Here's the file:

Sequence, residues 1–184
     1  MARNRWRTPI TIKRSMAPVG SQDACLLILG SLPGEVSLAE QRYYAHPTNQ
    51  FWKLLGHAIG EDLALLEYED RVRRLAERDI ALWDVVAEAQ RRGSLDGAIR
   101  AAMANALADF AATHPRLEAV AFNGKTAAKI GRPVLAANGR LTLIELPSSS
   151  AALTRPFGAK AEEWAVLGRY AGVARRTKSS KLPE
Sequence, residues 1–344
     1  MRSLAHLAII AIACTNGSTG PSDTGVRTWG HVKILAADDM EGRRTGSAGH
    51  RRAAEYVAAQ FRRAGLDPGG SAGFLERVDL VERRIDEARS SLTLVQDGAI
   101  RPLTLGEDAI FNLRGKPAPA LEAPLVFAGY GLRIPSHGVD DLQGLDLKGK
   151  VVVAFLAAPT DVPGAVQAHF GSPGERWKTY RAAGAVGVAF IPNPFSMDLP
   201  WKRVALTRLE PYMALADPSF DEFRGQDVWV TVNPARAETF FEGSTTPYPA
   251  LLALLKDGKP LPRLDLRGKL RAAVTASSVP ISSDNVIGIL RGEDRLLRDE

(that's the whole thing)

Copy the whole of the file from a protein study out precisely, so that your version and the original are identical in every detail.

Sequence, residues 1–184
     1  MARNRWRTPI TIKRSMAPVG SQDACLLILG SLPGEVSLAE QRYYAHPTNQ
    51  FWKLLGHAIG EDLALLEYED RVRRLAERDI ALWDVVAEAQ RRGSLDGAIR
   101  AAMANALADF AATHPRLEAV AFNGKTAAKI GRPVLAANGR LTLIELPSSS
   151  AALTRPFGAK AEEWAVLGRY AGVARRTKSS KLPE
Sequence, residues 1–344
     1  MRSLAHLAII AIACTNGSTG PSDTGVRTWG HVKILAADDM EGRRTGSAGH
    51  RRAAEYVAAQ FRRAGLDPGG SAGFLERVDL VERRIDEARS SLTLVQDGAI
   101  RPLTLGEDAI FNLRGKPAPA LEAPLVFAGY GLRIPSHGVD DLQGLDLKGK
   151  VVVAFLAAPT DVPGAVQAHF GSPGERWKTY RAAGAVGVAF IPNPFSMDLP
   201  WKRVALTRLE PYMALADPSF DEFRGQDVWV TVNPARAETF FEGSTTPYPA
   251  LLALLKDGKP LPRLDLRGKL RAAVTASSVP ISSDNVIGIL RGEDRLLRDE